A long-range history in ideas is particularly well-suited to teasing out genius’s intimate connection to the divine, a connection that few serious analysts of the subject have explored. On the one hand, natural and social scientists since the nineteenth century have attempted to unlock genius’s secrets, to understand its nature and develop its nurture, probing the conditions that might bring it about. But in their relentless efforts to identify the many attributes of genius—and then to quantify and compare them—these researchers have tended to dismiss genius’s religious reception and appeal as so much superstition.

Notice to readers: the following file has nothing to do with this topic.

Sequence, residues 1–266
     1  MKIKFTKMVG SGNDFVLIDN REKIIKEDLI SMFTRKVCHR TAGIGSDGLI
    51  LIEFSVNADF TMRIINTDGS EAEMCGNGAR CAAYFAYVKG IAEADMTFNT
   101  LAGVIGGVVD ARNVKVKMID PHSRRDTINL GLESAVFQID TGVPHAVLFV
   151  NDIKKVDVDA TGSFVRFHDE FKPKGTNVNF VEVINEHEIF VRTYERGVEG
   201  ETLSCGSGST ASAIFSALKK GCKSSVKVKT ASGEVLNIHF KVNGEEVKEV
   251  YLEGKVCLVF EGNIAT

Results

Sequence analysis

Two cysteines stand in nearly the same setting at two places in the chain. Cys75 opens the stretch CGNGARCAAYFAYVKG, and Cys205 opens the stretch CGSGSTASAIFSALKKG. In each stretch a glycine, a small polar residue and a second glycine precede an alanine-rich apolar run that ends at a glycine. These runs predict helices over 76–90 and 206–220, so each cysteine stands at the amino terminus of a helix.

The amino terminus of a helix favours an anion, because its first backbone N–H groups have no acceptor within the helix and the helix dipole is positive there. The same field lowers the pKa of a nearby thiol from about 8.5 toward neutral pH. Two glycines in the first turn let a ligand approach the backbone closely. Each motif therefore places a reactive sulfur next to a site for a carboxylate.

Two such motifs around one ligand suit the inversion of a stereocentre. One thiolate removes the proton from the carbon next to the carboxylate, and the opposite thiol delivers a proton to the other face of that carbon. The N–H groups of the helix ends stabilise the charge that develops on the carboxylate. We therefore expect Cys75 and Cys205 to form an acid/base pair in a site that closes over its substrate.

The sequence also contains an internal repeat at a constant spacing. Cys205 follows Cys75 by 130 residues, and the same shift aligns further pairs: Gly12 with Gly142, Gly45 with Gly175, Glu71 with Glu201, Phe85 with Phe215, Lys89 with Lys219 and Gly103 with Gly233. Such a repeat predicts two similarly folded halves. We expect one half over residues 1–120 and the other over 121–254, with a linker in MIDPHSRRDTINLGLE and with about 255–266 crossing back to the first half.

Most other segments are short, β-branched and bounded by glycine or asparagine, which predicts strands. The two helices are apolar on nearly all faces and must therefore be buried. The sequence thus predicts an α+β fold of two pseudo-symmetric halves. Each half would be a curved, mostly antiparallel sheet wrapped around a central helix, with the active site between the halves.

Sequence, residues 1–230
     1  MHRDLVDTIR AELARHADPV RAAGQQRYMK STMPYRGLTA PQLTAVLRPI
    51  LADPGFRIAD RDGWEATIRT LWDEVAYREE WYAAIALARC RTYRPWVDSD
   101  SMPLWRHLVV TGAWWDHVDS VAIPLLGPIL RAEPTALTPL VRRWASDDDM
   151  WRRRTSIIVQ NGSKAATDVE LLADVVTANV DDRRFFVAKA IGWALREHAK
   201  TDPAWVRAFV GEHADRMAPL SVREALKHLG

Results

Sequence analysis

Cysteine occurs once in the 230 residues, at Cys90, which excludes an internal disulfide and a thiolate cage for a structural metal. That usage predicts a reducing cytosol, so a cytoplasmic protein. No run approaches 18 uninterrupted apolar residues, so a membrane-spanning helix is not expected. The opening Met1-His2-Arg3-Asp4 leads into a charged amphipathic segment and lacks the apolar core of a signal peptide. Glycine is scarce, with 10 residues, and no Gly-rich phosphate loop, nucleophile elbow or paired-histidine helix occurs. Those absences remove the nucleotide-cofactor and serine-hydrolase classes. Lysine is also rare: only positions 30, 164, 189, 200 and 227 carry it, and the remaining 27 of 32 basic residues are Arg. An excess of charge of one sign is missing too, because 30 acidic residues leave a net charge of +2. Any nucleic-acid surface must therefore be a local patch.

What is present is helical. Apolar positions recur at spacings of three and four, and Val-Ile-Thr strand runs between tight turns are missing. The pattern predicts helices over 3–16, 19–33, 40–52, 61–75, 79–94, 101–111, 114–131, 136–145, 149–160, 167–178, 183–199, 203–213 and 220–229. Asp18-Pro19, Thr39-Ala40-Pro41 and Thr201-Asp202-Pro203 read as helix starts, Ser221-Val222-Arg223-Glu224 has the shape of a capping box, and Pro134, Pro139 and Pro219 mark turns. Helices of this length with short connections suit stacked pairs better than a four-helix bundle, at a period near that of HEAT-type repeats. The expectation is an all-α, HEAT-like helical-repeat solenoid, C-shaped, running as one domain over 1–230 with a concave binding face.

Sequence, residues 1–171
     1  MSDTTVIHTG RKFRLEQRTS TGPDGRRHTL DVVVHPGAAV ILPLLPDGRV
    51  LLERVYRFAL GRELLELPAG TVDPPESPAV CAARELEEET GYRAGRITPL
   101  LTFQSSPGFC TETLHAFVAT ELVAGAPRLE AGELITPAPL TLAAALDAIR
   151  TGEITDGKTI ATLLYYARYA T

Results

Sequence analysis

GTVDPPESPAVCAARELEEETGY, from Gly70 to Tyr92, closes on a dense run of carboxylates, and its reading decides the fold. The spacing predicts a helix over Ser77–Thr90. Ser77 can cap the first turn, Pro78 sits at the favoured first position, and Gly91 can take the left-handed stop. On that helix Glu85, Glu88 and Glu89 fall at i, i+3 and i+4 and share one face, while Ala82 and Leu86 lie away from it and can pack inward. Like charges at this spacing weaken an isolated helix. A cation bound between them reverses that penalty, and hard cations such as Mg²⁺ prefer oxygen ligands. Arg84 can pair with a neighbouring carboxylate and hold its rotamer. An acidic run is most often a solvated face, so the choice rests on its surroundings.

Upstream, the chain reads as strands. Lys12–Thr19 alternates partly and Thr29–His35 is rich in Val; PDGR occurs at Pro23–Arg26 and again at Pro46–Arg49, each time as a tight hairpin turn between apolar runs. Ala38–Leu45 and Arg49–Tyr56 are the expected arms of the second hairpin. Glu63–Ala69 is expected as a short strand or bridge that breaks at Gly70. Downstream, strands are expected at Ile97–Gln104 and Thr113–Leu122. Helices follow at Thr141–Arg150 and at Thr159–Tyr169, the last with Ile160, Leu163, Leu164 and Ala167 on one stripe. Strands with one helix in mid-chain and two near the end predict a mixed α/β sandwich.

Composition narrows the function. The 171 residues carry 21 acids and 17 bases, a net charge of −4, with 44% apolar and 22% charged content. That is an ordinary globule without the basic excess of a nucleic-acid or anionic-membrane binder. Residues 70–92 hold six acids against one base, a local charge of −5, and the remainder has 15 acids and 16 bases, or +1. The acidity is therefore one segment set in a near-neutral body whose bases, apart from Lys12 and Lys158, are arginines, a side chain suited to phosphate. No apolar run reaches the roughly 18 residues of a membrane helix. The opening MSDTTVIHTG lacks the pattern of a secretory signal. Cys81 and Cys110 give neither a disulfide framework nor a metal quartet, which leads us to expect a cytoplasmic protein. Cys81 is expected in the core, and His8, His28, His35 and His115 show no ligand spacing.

A very different group of scholars, on the other hand, working in the fields of literary theory, art history, and criticism, has been inclined to reject the notion of genius altogether, toppling it from the privileged place it once held as an arbiter of aesthetic distinction. Genius and geniuses, they have argued, are myths that should be deconstructed and then dismissed, like so many ideological relics from the past. The impetus behind this work was certainly instructive— for the notion of genius, like many religious notions, has undoubtedly served a mythic role. But to simply write it off as an outmoded aesthetic ideal or a vestige from the days when history was concocted as the story of great men is to miss much that is interesting in this potent force.